The lack of vocabulary is evident here: I’ve never seen anyone in film studies refer to ‘video manoeuvres,’ and the term ‘camera movement’ is more common. Why did the authors of this paper not know this, especially when there is an extensive literature on how pans, tilts, zooms, etc. create meaning in the cinema? ‘Video manoeuvres’ seems to me to imply post-production effects rather than camera movements. Why are zooms included but not other types of camera movements? I don’t think that either term adequately describes POV shots.

Why is editing not referred to as editing, and what is about them that is ‘decorative?’ To describe these aspects of style as ‘decorative’ is, I think, unfortunate as it may be inferred that these elements are not in themselves meaningful. Style does not adorn a film – it is integral to it. In general, this is the problem I have with this article: that it argues for the analysis of form as necessary in understanding sensationalism in news media, but then does not seem willing to take it seriously: the use of the term ‘bells and whistles’ to refer to film form is pejorative.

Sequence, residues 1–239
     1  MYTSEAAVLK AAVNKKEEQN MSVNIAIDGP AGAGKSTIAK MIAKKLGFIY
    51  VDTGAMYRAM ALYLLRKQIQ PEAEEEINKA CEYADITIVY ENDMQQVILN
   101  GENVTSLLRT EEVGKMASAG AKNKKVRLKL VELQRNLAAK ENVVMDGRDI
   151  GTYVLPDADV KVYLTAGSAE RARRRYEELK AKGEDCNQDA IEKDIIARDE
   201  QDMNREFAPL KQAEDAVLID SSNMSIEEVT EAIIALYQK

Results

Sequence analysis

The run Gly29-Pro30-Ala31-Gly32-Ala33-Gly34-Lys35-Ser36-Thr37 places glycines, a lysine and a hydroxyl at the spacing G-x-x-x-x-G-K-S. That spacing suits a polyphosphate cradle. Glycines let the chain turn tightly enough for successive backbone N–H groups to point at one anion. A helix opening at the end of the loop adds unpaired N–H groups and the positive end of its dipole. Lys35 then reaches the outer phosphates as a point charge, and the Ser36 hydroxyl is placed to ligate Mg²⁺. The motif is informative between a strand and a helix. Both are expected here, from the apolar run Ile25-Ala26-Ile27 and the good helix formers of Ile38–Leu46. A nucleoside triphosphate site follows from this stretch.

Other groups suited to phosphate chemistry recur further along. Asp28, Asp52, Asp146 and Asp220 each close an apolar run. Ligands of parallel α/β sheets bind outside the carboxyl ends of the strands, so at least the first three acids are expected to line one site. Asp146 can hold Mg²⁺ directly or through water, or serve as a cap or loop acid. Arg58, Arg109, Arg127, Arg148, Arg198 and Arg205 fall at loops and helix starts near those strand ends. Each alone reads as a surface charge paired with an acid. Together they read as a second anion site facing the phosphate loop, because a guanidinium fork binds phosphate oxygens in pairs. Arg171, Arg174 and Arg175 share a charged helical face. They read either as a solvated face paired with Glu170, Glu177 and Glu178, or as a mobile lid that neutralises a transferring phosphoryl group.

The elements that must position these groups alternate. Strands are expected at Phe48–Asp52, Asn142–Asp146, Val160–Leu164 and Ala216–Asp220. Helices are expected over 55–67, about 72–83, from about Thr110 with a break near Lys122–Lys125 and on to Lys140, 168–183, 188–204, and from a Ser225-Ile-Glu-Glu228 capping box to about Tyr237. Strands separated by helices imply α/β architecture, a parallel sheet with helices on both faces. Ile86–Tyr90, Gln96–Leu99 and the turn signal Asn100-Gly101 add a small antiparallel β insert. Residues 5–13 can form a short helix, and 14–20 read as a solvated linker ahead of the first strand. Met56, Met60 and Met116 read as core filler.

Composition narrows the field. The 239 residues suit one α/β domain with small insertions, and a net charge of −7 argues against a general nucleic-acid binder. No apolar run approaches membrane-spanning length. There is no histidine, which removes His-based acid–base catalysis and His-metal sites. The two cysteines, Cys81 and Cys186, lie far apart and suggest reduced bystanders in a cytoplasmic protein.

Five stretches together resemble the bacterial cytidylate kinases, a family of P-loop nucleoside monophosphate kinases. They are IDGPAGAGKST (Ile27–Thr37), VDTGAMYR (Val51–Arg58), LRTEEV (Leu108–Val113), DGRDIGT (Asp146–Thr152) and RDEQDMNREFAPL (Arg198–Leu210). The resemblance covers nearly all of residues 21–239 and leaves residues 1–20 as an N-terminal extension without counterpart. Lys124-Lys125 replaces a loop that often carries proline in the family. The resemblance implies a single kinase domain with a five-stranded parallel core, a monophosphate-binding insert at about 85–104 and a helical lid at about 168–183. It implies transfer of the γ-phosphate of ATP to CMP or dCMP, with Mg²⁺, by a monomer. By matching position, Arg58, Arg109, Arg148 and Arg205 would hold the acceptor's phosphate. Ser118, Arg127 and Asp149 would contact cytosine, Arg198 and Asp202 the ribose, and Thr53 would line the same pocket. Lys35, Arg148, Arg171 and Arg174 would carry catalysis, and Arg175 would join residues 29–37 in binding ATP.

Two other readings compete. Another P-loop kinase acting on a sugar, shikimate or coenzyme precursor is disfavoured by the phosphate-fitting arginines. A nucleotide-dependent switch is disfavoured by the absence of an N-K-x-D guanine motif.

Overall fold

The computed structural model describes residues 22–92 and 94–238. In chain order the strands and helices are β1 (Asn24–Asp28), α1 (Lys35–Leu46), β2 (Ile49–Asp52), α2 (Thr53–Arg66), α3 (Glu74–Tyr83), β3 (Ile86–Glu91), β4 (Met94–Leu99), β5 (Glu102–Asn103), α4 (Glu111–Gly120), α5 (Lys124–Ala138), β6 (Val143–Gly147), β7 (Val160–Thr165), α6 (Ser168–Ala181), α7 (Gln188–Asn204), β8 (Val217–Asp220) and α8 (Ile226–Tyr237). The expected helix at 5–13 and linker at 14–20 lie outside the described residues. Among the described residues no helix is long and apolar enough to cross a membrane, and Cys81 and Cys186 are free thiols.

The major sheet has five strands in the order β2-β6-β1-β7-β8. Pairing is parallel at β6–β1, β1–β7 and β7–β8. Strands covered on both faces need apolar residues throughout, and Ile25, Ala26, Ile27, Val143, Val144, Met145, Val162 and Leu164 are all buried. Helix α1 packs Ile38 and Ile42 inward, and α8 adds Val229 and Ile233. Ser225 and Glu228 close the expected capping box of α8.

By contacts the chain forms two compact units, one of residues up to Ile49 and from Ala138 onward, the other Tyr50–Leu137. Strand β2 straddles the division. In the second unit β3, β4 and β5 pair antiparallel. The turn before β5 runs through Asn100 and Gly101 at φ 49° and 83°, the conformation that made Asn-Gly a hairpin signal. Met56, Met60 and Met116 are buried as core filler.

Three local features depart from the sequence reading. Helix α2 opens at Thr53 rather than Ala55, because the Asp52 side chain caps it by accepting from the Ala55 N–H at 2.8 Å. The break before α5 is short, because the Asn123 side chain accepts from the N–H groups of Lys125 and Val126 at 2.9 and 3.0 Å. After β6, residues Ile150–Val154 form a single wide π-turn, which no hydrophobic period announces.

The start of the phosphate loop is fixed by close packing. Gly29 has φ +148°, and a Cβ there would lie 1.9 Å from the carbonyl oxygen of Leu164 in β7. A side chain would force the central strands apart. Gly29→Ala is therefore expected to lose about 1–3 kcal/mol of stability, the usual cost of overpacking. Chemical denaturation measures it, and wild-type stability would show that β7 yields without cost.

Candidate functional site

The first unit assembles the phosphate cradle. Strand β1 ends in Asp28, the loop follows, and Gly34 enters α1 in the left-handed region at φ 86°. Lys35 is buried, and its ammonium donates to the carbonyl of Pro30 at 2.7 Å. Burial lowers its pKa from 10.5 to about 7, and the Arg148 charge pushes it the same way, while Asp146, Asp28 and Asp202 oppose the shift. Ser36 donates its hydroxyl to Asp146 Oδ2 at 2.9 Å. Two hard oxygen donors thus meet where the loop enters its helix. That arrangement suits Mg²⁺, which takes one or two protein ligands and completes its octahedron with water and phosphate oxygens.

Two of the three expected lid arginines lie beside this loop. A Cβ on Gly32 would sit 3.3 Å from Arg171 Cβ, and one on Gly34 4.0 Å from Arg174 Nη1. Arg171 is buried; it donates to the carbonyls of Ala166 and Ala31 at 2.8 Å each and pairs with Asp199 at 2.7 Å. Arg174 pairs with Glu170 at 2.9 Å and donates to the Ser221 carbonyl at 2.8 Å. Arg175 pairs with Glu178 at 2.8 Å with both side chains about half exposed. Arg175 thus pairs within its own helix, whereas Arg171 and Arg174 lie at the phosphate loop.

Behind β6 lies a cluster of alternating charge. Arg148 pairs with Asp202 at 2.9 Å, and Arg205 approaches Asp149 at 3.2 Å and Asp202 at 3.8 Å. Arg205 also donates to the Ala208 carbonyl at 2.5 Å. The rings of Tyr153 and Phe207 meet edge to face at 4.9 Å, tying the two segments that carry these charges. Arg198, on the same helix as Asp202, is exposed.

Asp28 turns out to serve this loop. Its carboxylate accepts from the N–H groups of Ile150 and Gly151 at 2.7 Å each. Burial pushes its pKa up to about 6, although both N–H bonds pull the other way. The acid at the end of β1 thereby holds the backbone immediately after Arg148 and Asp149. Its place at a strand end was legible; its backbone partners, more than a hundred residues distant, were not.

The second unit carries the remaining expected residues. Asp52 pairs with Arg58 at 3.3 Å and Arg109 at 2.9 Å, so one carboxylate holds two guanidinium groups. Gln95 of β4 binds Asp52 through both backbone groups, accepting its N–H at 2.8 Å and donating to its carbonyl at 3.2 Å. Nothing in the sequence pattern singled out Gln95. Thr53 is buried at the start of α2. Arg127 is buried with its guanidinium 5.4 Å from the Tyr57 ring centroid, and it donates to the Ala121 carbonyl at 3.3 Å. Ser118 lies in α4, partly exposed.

The second problem is that great problem that affects so many academic fields: the reason there is a lack is that apparently no one tried. Only two film studies text book is referred to: an article by Sandy Flitterman-Lewis on Surrealist cinema and the 1982 edition of Louis Gianetti’s Understanding Movies. This is the third edition of Gianetti’s book, and there have been numerous editions since then – at the time this article was published the current edition was the 8th edition. There are many, many, many books on film studies that could have been referred to that have been published since 1982. In fact, there are too many to bother listing here. There are no references to the literature on point-of-view (e.g. Noel Carroll or Edward Branigan), to cinematography, to editing, or to any other aspect of film style.

Now, the Schaefer and Martinez paper I referred to above does make an attempt to address this problems and does refer to editing manuals, but ultimately re-enacts the same opposition between realism of the Bazin/Kracauer stripe and Soviet montage that is the staple of first year film studies essays (although there is no reference to Ian Aitken’s European Film Theory). Rudolf Arnheim even makes an appearance. It is a sincere effort to bring some of the work of film studies into media research, but it would have been improved greatly if a film studies scholar had been involved somewhere along there line.